Thread: strcmp

  1. #1

    Exclamation strcmp

    I need to compare the second word from two sentences using strcmp and then out the words. I have tokenized the strings but don't know how to reference the 2nd word....and then compare. Can anyone give me a clue? Thanks.

  2. #2
    Registered User Machewy's Avatar
    Join Date
    Apr 2003
    Yeah, umm...

    I think that you can create three separate strings:
    one for the first word
    one for the second word
    and one for the rest of the sentence.

    However, if you use this method you might want to set 'space' to the 'return'(or 'enter') key. That way the user won't have to hit enter after the first word, but space like he normally would.

    Hey, but than again I'm still sort of a newbie.

    See if that works.
    "All things come to an end"

  3. #3
    Registered User
    Join Date
    Feb 2003
    Just need 2 strings...have 1 string to hold the entire sentence...then go thru the list once, find the first space (start of the 2nd word), and then find the 2nd space (end of the 2nd word) and then just traverse the string like its an array using the start and ending points with a for loop

  4. #4
    thanks...i need a bit more help on this one. How do i signify the first space in my for loop? and then once i start and stop the string breakdown how do I compare the two words...any help would be great ....thanks in advance... anyone...

  5. #5
    Hardware Engineer
    Join Date
    Sep 2001
    Assumig that you are using null-terminated c-style strings...
    You need to make a loop. Then you can search for spaces like this:
    if(StringOne[i] == ' ') // That is a space in single-quotes.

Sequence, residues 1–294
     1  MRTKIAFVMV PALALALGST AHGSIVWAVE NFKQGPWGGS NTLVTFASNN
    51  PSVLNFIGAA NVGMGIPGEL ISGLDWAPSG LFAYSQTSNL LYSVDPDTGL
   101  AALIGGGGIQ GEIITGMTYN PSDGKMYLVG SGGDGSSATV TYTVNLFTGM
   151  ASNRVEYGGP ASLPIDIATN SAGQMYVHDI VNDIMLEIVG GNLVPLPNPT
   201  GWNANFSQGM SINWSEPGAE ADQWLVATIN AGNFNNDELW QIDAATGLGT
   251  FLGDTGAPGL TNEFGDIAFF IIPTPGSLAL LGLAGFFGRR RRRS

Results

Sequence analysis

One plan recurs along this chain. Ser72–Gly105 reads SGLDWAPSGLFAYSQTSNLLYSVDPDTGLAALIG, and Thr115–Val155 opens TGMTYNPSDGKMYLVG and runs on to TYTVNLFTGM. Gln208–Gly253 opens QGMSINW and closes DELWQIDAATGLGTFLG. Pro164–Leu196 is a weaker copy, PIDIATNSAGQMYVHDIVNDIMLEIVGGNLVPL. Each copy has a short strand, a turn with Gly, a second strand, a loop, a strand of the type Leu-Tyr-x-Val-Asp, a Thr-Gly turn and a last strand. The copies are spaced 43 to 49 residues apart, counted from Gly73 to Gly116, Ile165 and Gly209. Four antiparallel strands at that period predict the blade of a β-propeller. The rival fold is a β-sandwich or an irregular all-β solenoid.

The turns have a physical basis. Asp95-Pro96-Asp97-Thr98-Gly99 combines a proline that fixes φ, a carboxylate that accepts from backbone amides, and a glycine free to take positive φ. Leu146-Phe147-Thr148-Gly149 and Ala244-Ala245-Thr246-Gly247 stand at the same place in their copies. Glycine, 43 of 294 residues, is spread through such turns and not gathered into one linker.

Start at i= 0. Incriment i each loop. Loop until i = end of string.

    Once you have found the spaces, use another loop and check each character... Something like this:
    for(i = StartOfWord; i < EndOfWord+1; i++)
          if(FirstString[i] != SecondString[i])
               cout << "Words are different" << endl;
    To find the start of the second word, you should probably check to see if there is more than one space. (Look for a space, then look for a non-space.)

    To do this, you need to understand character arrays (c-style strings). i.e. You need to know that if MyString = "Hello World", then MyString[0] = H, and MyString[1] = e. You should know about "null-termination".

    In C or C++, 'H' and 'e' will return the ASCII value of the character (And, this is what you need to compare... You don't need to know the ASCII value for this particular exercise.) H would represent a variable, "H" would represent a string-literal. (Not what you want this time.)

    Lastly you need to understand loops, because you need to use a loop to check for spaces, and to check each character in the second word to see if it matches.
    Last edited by DougDbug; 04-22-2003 at 05:19 PM.

  6. #6
    Registered User
    Join Date
    Feb 2003
    got bored

    #include <iostream.h>
    #include <string.h>
    struct sentence
    	char sent[80];
    	char sec_word[20];
    	int start;
    	int end;
    int main (void)
    	sentence sent1;
    	sentence sent2;
    	int i = 0, j = 0;
    	sent1.start = 0;
    	sent2.start = 0;
    	sent1.end = 0;
    	sent2.end = 0;
    	cout << "Enter first sentence: ";
    	cin.getline (sent1.sent, 80, '\n');
    	cout << "Enter second sentence: ";
    	cin.getline (sent2.sent, 80, '\n');
    	while (sent1.end == 0)
    		if (sent1.sent[i] ==  ' ' || sent1.sent[i] == '\n')
    			if (sent1.start == 0)
    				sent1.start = i;
    				sent1.end = i;
    	i = 0;
    	while (sent2.end == 0)
    		if (sent2.sent[i] ==  ' ')
    			if (sent2.start == 0)
    				sent2.start = i;
    				sent2.end = i;
    	for (i = sent1.start+1; i < sent1.end; i++)
    		sent1.sec_word[j] = sent1.sent[i];
    	sent1.sec_word[j] = '\0';
    	j = 0;
    	for (i = sent2.start+1; i < sent2.end; i++)
    		sent2.sec_word[j] = sent2.sent[i];
    	sent2.sec_word[j] = '\0';
    	cout << "\n2nd words are: " << sent1.sec_word << " and " << sent2.sec_word << endl;
    	return 0;
    now all you really have to do is check if they are the same. ...

  7. #7

    still doesn't address strtk and strcmp

    thanks so much for your help. I have a grasp on loops and identifying nulls. However, (this may be my brain cramping) it seems there should be an easier way to reference a member of a string after it has been tokenized....

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